The following are the main goals of an Alert using General Transit Feed Specification (GTFS) Realtime (RT) feeds:
- Communicate changes, cancellations, and service reductions or alterations.
- Add information to Transit events, and when possible, provide alternatives.
This article gives you guidelines on how to create and manage alerts using GTFS-RT feeds.
Before you begin
The following links are helpful introductions and guides to GTFS-RT and Alerts:
The following are some critical notes about alerts, and how we assess their quality:
- Be more generic than restrictive. Alerts can be bound to different entities on a feed. Alerts can point to an arbitrary combination of stops, stations, agencies, routes, and more at the same time. However, if you specify too many parameters, you might cancel out your alert. If your alert cancels out, your alert is accepted, but never displays. Example: If you define an alert for an agency and a route, but that route isn’t served by that agency, both conditions are never true, and your alert never displays.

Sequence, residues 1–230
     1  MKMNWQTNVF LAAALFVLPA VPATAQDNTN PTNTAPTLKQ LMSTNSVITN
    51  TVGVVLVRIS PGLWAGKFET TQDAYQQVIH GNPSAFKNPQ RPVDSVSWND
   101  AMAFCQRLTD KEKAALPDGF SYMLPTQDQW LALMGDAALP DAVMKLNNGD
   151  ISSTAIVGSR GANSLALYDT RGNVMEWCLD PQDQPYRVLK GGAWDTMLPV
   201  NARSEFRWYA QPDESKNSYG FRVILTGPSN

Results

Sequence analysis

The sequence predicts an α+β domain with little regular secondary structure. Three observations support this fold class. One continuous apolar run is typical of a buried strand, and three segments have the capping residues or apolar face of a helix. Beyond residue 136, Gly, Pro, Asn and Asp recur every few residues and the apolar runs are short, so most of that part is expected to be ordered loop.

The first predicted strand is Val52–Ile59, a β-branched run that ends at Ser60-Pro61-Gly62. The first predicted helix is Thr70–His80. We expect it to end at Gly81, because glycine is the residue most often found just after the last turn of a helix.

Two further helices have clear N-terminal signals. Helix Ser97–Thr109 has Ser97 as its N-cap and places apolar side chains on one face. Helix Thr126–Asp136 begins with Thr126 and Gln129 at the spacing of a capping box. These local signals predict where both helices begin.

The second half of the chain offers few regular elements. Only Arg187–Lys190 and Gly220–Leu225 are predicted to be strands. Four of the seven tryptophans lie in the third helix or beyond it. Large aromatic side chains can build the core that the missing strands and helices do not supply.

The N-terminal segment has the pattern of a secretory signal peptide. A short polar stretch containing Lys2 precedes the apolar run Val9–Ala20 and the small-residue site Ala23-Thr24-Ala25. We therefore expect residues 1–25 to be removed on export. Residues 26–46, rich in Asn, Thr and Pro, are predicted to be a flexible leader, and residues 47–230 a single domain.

- Specify your time properly. Make sure your implementation doesn’t send past dates. The Alert message is received by our system and rejected, but you do not receive an instant warning or error code, so this is easy to miss. Always consult your Partner Front-End Validation Reports.
- Use the full range of CAUSE and EFFECT. The most important piece of information in an alert is the EFFECT. It indicates severity, and determines whether there are cancellations users should be alerted about. Depending on the severity, effects fall under one of the 3 alert levels. The table below demonstrates the alert severity and example alerts based on the alert effect. Icons and text aren’t guaranteed to display as desired.
- Ensure that you correctly specify languages. Correctly specifying languages provides a better experience for your users. If your original alert is in Russian, make sure you declare [ru] as the language. If you provide an English translation, declare it as [en]. Encode languages in UTF-8. HTML tags aren’t accepted.
- Optimize your URLs. Your URLs must take users straight to transit-related information, and not mislead users about what is on the page. There are 2 ways you can optimize your URLs:
- Do not let URLs take users to a generic or ad-rich page. Our users consider generic pages, or ad-rich pages as SPAM. Because of this perception, we consider this as a blocking issue.
- Publish the original URL. If there’s only one language for the URL, publish the original address only to indicate the correct language. Example: The URL is in German only, but it’s also published with an English translation pointing to the same URL.